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In the evening: I attend a free Birkbeck event at Waterstones bookshop, Gower Street. It’s a talk with Travis Elborough about his various non-fiction books, including A London Year. The host is Joe Brooker, one of the head tutors on my English programme. He comments how A London Year might be best read by using the index in the back to choose different themes, rather than reading it linearly from start to finish. Though he doesn’t use the term, to me this makes A London Year a good illustration of the city as hypertext. Hypertext is now woven into so many day-to-day lives that it’s easy to forget about its usage as a metaphor. It’s the navigation of a large mass of material by cutting a path through the layers, pushing through the text via a lateral dimension.

On the Web, the hypertext element is the choice of one’s own reading path by clicking on links. Likewise A London Year, when read via choices made in the index, and likewise London itself. You have to take your own forked path through the many worlds and layers of the city, in both space and in time. Piercing the palimpsest.

Perhaps my own generation might think of hypertext theory in relation to those Choose Your Own Adventure books of the 1980s. You didn’t read them from start to finish; you chose links to different sections, and so produced your own text. What, after all, is the appeal of London but as a giant game of Choose Your Own Adventure?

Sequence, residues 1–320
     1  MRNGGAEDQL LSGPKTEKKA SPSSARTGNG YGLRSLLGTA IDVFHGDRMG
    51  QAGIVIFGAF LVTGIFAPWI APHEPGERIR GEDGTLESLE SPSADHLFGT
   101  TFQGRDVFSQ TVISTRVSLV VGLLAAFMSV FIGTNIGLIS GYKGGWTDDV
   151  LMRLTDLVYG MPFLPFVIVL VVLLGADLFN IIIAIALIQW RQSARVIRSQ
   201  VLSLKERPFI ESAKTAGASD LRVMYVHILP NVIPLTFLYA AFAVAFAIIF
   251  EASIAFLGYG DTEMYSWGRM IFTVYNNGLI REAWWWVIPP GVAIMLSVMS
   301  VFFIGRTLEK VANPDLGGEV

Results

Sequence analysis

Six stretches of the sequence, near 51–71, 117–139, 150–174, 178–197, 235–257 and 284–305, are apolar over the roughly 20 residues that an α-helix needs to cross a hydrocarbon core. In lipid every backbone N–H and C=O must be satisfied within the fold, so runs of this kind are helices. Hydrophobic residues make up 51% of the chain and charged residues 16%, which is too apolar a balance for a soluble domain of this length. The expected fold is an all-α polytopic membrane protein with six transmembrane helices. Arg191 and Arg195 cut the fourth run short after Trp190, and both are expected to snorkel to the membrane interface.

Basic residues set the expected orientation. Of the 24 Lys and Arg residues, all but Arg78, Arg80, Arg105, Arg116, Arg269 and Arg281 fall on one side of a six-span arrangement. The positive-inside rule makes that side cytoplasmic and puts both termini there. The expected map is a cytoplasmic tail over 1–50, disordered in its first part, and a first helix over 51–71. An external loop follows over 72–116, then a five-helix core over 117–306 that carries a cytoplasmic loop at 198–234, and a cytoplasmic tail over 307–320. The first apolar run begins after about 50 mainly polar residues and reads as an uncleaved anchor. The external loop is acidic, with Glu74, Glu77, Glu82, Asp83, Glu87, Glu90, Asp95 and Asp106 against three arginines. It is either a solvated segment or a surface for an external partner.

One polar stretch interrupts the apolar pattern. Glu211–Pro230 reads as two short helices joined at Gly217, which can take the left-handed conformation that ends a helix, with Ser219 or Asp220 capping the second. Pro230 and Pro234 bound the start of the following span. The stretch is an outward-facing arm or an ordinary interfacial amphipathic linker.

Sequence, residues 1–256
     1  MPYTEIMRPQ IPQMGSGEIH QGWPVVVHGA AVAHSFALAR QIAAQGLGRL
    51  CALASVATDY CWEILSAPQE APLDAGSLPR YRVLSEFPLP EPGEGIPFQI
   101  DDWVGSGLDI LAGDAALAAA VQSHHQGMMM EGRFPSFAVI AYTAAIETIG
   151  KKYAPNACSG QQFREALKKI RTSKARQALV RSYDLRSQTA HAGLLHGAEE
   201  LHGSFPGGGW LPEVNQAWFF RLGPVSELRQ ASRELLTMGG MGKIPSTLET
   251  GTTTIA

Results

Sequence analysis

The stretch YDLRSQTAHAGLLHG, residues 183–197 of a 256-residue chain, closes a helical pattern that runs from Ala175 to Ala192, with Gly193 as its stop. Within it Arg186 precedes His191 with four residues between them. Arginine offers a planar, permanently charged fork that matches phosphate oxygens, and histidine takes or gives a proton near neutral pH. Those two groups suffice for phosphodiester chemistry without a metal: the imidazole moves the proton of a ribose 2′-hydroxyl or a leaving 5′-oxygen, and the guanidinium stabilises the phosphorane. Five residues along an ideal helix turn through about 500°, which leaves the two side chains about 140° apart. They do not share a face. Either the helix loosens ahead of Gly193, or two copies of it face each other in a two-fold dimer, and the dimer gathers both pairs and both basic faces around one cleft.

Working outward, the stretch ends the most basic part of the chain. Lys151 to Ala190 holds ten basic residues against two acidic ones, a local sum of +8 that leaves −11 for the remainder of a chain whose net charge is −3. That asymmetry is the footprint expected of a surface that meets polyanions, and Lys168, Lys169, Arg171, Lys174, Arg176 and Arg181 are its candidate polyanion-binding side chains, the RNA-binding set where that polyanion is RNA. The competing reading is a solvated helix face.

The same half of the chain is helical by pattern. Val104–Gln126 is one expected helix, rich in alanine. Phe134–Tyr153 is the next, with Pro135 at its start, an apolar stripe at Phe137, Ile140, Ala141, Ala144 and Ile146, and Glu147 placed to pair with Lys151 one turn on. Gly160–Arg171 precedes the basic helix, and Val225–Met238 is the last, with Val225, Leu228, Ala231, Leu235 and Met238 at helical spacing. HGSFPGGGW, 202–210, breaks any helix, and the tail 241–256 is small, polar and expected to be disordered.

Thursday 22nd May 2014. Heavy rain and thunderstorms. Possibly because it’s World Goth Day and Morrissey’s birthday.

I go to Jackson’s Lane Community Centre to vote. Two elections this time. One is for the European Parliament, one for local councils. I am the only one in the polling station. On the internet and in the news it feels like everyone is interested in politics. When you actually go to vote, it feels like no one is.

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In the evening I go to the Muswell Hill Odeon for The Curious Incident of the Dog In The Night-Time, one of the National Theatre’s ‘Live’ screenings. It’s my first time to such an event. For the last few years, the NT has teamed up with cinemas to screen live broadcasts of their plays at the South Bank. Or in this case, a synchronised repeat screening of a past live broadcast. It’s an inspired solution for those who like theatre but can’t make it to the NT, as there’s the theatrical sense of a shared, one-off experience to the screenings. It’s not quite like being in a theatre, but neither is it a normal trip to the cinema.

In this case, the recording of the Curious Incident play is from 2012, during its original setting at the NT’s Cottesloe space. The audience are arranged on tiers, looking down onto a stage in the round.  The play uses a lot of choreography aimed at a vertical view, to such a degree that at times it’s like a scaled-down Busby Berkeley film. The stage is marked out in tiny squares like a maths exercise book, and there are so many intricate projections and lighting effects – not to mention live animals – that the technical rehearsal must have gone on for days. The recreation of the A Level Maths question from the end of the novel is quite brilliant – a seamless blend of acting, direction, animation and sheer nerve. Mum has gone to one of the screenings in Suffolk, so we discuss it over the phone afterwards.

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Late night: I watch a little of the election coverage on TV. Some election-speak: ‘No overall control’. It’s one of those phrases which I feel is somehow criticising me personally. Like ‘approval needed’ at the supermarket.